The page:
I visit Boston, my old home, a lot. I have friends there still in college; my old school is there; and my favorite bar is there. Needless to say, there are a lot of memories in that city. But I also feel a personal sense of decay every time I visit, and I never felt it more than this weekend when I saw Oneohtrix Point Never — one of the best shows I’ve ever seen (but more on that later). When I walked into my old bar — my former go-to spot to take dates, all exes now — to get a drink, the usual bartender (Michael) was still there and instantly recognized me, but for most of the new staff, I was a stranger where I used to be a regular. It was also my first time in town since The Boston Phoenix stopped publishing, which is where I got my first job working at a print publication (I was spending my time last week screen-capping my writing on their website before they all turn into a big 404 error), and later, at an after party from a memorial for a friend who had passed away last year, I bumped into someone I had worked with in college. He was embarrassed because he couldn’t remember my name, which I said was nothing to feel bad about: I couldn’t remember his either.
Not to say any of these feelings are unique; in fact, they are extremely mundane. But while none of it was at the forefront of my mind when I went to see Oneohtrix Point Never at Boston’s Institute of Contemporary Art, that changed when Daniel Lopatin, a master at playing with decaying memory, started performing. Anyone who has listened to Replica knows he has a way of injecting these thoughts into your mind, subconsciously or not. The performance, titled Reliquary House, with visuals by Nate Boyce, has been done before at MoMA, but we were given a huge shock right beforehand: The program director made his announcements and then casually ended with, “I just talked to Dan, and he said he has mostly new material tonight.” Before that massive news could even really be processed by any of us, Lopatin and Boyce came out and started.
A reliquary is a sort of shrine that houses ancient relics, and in this case, these relics are commercials: bruised, beaten, broken, and warped in all their beauty. And, with the all-new material (a new album is coming soon, but no details have yet been revealed), Oneohtrix Point Never has progressed the style of Replica beyond anything I could have imagined. The music is a massive collage of memories that are at times stunningly beautiful, sad, dissonant, and spiritual, all of it paired perfectly with Nate Boyce’s hyperreal digital sculptures projected above them. The pairing is very appropriate due to the way OPN’s new songs sound so three-dimensional, ebbing and flowing from overwhelmingly dense to airy and smooth. This time around, he gives the samples more room to breathe, with moments of tremendously heavy beats that just explode out of the mix. Ghostly samples of choirs haunt tracks, and to see him trigger samples in his intense way is genuinely exciting to watch.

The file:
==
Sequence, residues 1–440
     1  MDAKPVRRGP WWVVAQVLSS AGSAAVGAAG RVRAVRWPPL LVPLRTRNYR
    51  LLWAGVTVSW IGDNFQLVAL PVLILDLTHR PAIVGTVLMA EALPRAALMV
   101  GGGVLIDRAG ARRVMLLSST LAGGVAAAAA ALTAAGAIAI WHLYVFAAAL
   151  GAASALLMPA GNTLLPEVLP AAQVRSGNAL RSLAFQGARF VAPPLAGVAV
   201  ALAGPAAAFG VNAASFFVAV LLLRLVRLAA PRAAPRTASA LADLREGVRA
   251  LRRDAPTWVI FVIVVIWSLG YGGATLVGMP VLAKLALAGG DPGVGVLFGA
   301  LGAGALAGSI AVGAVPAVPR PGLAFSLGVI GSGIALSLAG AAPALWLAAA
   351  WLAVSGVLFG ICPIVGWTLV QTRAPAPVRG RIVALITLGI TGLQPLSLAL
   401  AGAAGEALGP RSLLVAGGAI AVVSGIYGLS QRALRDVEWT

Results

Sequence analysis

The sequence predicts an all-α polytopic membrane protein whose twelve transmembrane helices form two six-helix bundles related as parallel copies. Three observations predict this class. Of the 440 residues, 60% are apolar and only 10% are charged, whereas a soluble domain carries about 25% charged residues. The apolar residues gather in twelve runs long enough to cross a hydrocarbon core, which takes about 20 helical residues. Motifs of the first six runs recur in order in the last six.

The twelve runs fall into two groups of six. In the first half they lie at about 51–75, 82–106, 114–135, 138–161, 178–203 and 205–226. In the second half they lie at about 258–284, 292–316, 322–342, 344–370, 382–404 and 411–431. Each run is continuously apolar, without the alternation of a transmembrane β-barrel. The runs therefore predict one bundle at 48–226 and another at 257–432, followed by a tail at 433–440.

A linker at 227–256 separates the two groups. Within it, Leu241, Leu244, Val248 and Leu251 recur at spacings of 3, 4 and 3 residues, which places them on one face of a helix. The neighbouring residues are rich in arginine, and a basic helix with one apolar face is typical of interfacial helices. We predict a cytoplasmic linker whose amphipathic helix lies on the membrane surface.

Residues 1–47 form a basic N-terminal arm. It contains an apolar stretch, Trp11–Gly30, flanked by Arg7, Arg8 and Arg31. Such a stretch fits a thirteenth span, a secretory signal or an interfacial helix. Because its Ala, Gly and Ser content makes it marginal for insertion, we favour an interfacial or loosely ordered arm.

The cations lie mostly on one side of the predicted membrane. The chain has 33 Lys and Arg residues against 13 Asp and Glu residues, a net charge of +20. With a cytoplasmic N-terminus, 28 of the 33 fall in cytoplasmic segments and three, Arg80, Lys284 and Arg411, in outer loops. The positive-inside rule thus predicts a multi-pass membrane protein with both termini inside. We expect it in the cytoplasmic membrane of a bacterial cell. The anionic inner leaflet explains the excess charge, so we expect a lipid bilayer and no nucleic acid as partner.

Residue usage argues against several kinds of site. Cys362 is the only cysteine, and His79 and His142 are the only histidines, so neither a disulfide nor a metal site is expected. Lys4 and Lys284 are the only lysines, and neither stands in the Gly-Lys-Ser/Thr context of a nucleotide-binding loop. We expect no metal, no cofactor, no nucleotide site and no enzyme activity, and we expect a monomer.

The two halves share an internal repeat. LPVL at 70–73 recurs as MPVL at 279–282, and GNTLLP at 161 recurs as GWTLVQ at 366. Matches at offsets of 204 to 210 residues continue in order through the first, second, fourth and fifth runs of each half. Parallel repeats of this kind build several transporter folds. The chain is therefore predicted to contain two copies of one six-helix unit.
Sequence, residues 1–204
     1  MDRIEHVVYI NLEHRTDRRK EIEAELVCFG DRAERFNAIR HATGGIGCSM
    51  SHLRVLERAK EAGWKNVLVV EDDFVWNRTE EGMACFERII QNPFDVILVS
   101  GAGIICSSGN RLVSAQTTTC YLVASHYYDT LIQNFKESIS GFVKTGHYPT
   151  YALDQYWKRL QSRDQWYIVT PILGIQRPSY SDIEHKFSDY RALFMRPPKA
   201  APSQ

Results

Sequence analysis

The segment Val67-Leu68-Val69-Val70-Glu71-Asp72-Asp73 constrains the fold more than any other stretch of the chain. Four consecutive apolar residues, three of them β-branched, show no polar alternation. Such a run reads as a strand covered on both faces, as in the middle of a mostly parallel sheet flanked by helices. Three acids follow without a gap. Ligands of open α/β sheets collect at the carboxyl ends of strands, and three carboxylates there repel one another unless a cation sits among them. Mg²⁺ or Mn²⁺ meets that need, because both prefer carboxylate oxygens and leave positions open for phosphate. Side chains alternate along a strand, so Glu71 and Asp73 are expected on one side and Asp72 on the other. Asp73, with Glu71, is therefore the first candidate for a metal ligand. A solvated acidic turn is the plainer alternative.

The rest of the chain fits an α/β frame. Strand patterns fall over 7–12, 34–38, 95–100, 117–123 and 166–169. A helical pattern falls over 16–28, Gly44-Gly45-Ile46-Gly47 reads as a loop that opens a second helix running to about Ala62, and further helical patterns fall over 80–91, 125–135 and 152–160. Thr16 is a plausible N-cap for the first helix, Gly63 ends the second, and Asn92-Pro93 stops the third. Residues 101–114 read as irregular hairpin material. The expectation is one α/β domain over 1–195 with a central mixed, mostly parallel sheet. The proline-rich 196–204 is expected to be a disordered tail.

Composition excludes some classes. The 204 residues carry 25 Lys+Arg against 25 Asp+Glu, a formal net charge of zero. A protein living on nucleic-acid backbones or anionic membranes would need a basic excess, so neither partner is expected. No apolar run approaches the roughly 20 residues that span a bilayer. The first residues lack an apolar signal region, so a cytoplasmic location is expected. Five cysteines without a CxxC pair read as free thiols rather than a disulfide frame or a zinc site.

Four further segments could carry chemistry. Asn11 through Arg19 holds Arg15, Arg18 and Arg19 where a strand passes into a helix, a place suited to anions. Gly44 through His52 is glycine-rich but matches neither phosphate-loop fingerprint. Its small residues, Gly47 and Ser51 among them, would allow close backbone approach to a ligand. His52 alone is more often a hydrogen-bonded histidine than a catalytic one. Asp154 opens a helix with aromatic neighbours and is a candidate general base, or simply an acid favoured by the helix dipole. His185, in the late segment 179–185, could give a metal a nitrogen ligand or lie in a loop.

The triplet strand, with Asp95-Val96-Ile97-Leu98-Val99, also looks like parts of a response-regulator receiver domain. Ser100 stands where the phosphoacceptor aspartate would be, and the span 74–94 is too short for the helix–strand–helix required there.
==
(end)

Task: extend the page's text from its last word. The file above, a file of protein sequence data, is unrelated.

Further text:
One of the major questions I had before going to the show may be a little inevitable. Daniel Lopatin is perhaps the most influential person on the vaporwave scene (it has evolved tremendously, but Chuck Person’s eccojams still remain a blueprint), and I was hoping to see if there was a reaction or a response to it in his new music. And there is. It’s difficult to describe how, and it might just be me hearing him live again with the reappropriative musical context of 2012 in mind, but artists like New Dreams Ltd. (Macintosh Plus) and James Ferraro’s Far Side Virtual felt like reference points in the new music but absent when he finished the set with “Nassau” and (an awesomely dissonant version of) “Child Soldier.” The perfect moment for me, though, came roughly 30 minutes in: after triggering a choral sample over a sea of throbbing percussion, Lopatin actually sat on the floor, back against his table of electronics (and the audience), and looked up at the projector, watching, just his head in view. For just a moment, he was soaking everything in, just as we were.
The first time I saw Oneohtrix Point Never play was about two months before Replica was released. I spoke to him after the show and told him I’d been listening to my promo of the album, and I honestly thought it was the best album of the year. Three months and one perfect score later, TMT named it just that. It’s still early, and we can’t know for sure what the new album will really be like, but after leaving the show with a new perspective on contemporary electronic music, on this city, and maybe a little on myself too, I know one thing for sure: Something is coming from Oneohtrix Point Never, and it is going to be huge.